New Imaging Protocols

Standardized, appropriate protocols for dementia therapeutic imaging are critically important.13,14 It is essential for local neurologists to include DMT information in imaging requests in a way that alerts schedulers and neuroradiologists, perhaps by offering “AD therapeutic baseline” or “AD therapeutic monitoring” as the study indication. Both 1.5T and 3T scanners can be used for imaging, but in challenging patient populations open 1.2T systems may also be employed in practice. Ideally, patients should be imaged on the same field-strength scanner throughout surveillance. If quantitative imaging tools are being used for analysis, imaging may best be performed on the same scanner, although this may not always be practical.

Minimum imaging protocols for screening and surveillance should include GRE, FLAIR, and DWI, but most radiologists will simply employ their routine brain protocol. A 3D T1 sequence should be included if quantitative analysis of brain volume is desired.

A conventional 2D GRE scan is mandatory, as it was the standard method to assess microhemorrhages in the trials, 4,5,7 but some may choose to add 3D susceptibility weighted imaging (SWI) for greater sensitivity to blood products. The ASNR has partnered with equipment manufacturers to present optimized AD therapeutic imaging protocols, which are posted on the ASNR website at

Neuroradiology Educational Initiatives

ARIA can be subtle and the requirements in reporting are specific to the needs of treatment. An educational initiative is ramping up throughout the neuroradiology community, as radiologists and imaging enterprises are poised to play a critical role in therapeutic dementia imaging. Educational resources and ARIA training are available through multiple sources, including the ASNR website,, expert forums,13,14 and recent publications.15

Artificial Intelligence Tools

Artificial intelligence (AI) solutions like deep learning-based image reconstruction can maximize scanning efficiency by enabling 50-70% faster acquisition, which will help to accommodate increased MRI scan volumes. The faster scan times are also advantageous for motion-prone dementia patients, who may also be suffering from confusion and anxiety.16,17

A recent survey sent to the 2,700 members of ASNR revealed that 63% of responding neuroradiologists are interested in utilizing an AI-based quantitative tool to aid in ARIA detection and longitudinal follow-up. Multiple vendors are working to develop quantitative ARIA screening solutions to aid neuroradiologists in efficient and accurate ARIA segmentation (Figures 7-9) and reporting (Figure 10).12 These products should detect and quantify ARIA-H and measure the volume of ARIA-E, as well as highlight changes that occur during surveillance.12 It is anticipated that the tools will provide standardized classification and automated ARIA grading, eg, mild, moderate, or severe.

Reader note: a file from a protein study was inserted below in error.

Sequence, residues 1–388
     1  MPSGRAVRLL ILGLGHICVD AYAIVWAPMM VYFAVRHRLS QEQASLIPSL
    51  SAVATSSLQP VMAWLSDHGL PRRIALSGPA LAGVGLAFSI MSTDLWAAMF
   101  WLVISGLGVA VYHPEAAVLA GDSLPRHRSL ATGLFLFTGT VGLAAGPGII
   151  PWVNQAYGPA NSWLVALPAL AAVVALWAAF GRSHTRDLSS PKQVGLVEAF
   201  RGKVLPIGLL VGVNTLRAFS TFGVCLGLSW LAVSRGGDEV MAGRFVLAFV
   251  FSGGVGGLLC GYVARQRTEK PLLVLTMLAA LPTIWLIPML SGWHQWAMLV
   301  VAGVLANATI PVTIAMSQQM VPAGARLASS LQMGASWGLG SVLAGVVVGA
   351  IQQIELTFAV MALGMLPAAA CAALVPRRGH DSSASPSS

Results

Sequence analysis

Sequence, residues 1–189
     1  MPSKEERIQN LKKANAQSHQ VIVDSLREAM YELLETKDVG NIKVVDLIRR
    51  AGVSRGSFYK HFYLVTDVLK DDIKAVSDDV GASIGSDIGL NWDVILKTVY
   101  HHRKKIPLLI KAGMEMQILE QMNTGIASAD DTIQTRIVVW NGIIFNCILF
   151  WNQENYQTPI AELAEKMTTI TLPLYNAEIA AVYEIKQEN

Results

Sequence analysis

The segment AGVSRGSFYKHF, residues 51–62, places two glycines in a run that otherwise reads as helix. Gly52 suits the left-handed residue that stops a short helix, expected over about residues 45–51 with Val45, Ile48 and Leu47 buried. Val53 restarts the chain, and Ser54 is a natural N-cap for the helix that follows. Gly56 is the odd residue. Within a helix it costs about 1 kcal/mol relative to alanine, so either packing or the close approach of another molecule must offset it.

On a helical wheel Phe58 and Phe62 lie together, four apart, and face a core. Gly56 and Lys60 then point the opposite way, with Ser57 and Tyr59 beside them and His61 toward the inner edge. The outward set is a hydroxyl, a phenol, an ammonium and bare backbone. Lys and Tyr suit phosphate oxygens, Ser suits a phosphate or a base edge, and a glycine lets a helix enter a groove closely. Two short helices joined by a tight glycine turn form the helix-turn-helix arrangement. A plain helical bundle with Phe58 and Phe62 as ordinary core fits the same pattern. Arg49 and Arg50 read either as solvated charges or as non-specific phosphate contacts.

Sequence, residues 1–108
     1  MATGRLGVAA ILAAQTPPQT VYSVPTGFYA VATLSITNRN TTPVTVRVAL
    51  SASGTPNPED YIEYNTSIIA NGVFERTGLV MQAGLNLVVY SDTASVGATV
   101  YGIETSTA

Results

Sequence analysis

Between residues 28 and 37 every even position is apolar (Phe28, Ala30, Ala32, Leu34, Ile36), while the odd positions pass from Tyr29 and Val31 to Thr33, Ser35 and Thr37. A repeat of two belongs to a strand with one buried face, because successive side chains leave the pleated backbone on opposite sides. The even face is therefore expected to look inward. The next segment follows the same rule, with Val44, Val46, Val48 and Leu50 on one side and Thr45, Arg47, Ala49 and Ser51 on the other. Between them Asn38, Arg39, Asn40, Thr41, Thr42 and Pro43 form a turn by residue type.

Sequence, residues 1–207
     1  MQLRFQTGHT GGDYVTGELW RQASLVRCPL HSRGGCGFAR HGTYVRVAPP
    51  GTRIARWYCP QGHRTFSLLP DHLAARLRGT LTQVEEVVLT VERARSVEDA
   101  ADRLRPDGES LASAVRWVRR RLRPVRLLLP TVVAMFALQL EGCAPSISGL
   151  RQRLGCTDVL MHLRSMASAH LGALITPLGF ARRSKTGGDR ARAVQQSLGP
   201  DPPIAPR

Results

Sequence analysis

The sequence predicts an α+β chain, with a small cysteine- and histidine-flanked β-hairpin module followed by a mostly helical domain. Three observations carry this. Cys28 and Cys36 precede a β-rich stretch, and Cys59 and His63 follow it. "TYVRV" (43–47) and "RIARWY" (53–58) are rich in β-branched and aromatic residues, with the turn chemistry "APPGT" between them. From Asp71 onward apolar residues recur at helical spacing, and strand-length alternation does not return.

The TRAILBLAZER-ALZ 2 trial found better preservation of brain volumetry in the treatment limb than in the placebo limb,5 so quantitative assessment of brain volumes (Figure 11) may also be beneficial as a quantitative structural biomarker in determining longitudinal treatment efficacy.18 In the interest of enhancing workflow, prepopulated quantitative MRI (QMRI) reporting templates may facilitate standardization and efficiency.18

New CPT Codes for QMRI

The American Medical Association issued new CPT Category III codes, 0865T and 0866T, for QMRI analysis of the brain in July 2023, representing a significant milestone in enhancing AD diagnosis and, more importantly, improving patient care.19 These vendor-neutral, standardized temporary codes, which take effect Jan. 1, 2024, will hopefully create a path to reimbursement for comprehensive QMRI analysis for lesion identification, characterization, and quantification, as well as for brain volumetry. As is typically the case with novel codes, payments are expected to be inconsistent initially. Billing studies correctly under these codes, rather than employing common workarounds, is important for driving conversion to Category I and universal payment.

Agility Required

It is becoming increasingly apparent that the dynamic landscape of AD diagnosis and treatment is profoundly impacting healthcare. Neuroradiologists will play a key role in clinical decision making regarding patient eligibility for and continuance of DMT. Radiologists and their enterprises will require the agility to quickly adapt to changing demands and opportunities at this pivotal time in AD diagnosis and treatment.

Bash S, Tanenbaum LN. (Sep 12, 2023). Alzheimer Disease Imaging in the Era of Anti-Amyloid Treatment. Appl Radiol. 2023; 52(5):16-23.